When Thole, a 41-year-old freelance graphic designer who lives near Montreal, examined her trash, she discovered that most of it was food packaging. Now she buys her edibles at farmers markets and bulk-food stores, and she belongs to a farm cooperative — all places that provide unpackaged food.

Cutting way back on trash doesn’t require time, she says, but you do have to be prepared. Thole has a shopping kit that includes cloth bags and glass jars to collect dried food, liquids, meats and cheeses. She uses a wine tote to keep the jars upright and prevent them from banging against each other. She keeps everything in a wicker basket, stored in the back of her car.

“By shopping for package-free food,” Thole says, “we’re able to eliminate this category of waste entirely. You can buy just about anything in bulk…


Jemima Kiss, with whom I used to work at The Guardian, is trying to live #Plasticfree (ie, don’t buy plastic-packaged goods), which I guess is a step towards Zero Waste. It looks difficult, but only because plastic wrapping has become pervasive – even when unnecessary.
link to this extract

Errata, corrigenda and ai no corrida: none notified

1 thought on “Start Up No.877: the BBC v Facebook, the phone camera question, AirBnB’s mixed benefits, towards Zero Waste, and more

  1. re: Galaxy S9 woes: it’s a bit sad because Samsung has avoided the worst trendy offenses (S9 has no notch, still a jack, still an SD slot, still FM radio)., which kind of makes up for those idiot rounded sides, improving but still meh OS customizations, and controversial Bixby button.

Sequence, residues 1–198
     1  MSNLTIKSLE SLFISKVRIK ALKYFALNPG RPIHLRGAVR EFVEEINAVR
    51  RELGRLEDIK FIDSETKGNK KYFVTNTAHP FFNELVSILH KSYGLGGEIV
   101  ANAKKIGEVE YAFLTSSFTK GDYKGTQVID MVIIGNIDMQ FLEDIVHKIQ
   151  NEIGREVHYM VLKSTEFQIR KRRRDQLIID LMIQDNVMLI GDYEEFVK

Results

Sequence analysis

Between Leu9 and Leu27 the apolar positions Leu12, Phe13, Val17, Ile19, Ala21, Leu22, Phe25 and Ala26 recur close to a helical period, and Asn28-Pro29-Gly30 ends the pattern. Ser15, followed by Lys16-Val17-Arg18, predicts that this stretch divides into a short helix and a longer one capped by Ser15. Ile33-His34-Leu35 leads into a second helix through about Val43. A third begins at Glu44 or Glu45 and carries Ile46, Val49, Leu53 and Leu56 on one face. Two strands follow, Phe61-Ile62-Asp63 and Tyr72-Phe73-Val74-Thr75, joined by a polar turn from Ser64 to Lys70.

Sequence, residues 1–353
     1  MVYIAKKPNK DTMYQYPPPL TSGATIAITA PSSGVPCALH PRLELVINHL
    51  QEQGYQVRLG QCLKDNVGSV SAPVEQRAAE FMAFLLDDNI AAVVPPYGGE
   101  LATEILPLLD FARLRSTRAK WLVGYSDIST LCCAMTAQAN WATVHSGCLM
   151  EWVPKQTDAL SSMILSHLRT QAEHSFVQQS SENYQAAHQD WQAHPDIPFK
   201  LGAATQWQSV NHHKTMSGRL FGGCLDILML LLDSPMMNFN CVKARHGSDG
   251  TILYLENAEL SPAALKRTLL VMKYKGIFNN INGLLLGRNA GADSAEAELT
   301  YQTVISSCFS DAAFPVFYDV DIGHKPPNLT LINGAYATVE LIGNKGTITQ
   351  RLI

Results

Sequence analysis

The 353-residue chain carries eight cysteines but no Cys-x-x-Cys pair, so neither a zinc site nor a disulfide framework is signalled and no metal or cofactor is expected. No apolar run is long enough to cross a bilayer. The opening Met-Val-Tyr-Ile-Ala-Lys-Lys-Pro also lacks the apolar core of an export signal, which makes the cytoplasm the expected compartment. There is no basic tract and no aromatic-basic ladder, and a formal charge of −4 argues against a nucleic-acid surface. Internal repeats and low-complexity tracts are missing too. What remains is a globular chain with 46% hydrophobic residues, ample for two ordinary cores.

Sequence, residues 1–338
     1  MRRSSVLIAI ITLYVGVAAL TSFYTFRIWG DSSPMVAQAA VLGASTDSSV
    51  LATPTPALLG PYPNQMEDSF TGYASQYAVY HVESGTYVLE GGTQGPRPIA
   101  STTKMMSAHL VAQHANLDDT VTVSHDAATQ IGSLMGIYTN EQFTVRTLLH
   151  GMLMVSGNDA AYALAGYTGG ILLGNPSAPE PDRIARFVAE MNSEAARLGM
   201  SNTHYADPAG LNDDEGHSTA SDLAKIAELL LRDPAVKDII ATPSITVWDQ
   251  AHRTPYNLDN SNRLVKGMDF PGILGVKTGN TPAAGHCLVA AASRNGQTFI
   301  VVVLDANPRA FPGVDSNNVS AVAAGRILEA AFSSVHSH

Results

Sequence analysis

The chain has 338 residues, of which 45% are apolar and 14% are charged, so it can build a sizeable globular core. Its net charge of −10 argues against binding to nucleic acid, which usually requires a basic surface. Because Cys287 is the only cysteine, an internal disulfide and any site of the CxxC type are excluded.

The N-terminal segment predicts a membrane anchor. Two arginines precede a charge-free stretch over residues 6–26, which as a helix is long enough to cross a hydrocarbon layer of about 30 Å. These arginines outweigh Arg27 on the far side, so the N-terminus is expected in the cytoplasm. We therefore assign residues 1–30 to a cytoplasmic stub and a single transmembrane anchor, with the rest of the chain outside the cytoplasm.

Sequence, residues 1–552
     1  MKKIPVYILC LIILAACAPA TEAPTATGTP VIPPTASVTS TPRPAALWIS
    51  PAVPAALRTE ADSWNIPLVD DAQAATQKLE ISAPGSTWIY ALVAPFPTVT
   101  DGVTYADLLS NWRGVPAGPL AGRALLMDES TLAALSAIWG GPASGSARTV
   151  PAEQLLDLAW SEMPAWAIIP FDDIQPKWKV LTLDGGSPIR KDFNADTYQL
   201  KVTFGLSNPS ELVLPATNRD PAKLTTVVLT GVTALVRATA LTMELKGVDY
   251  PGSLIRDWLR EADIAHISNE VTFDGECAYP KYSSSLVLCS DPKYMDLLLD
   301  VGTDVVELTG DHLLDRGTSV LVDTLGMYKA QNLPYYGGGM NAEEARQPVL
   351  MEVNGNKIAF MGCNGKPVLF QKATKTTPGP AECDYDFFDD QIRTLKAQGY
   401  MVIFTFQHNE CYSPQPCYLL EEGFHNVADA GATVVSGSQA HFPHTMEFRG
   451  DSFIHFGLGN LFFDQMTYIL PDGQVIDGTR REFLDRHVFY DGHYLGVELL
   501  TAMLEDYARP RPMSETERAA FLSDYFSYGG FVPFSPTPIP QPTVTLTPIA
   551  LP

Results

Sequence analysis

What I can’t get over is the price. I bought the Galaxy Note v1 for 550€ back in the day, they want 1.000€ for the 8 now. The tech has been getting better and cheaper, my needs haven’t changed from 7 yrs ago… I’m paying less these days, not more.

    I’m not sure what drives purchases of flagships these days besides fashion. Cameras improve only slightly from one year to the next so the sensible choice is to buy last year’s flagship. Ditto performance. Ditto design. Ditto other features. I’d say to drive sales you have to offer something dramatic people can see. So… a notch ? We’re doomed !

Leave a Reply

Fill in your details below or click an icon to log in: Logo

You are commenting using your account. Log Out /  Change )

Twitter picture

You are commenting using your Twitter account. Log Out /  Change )

Facebook photo

You are commenting using your Facebook account. Log Out /  Change )

Connecting to %s

This site uses Akismet to reduce spam. Learn how your comment data is processed.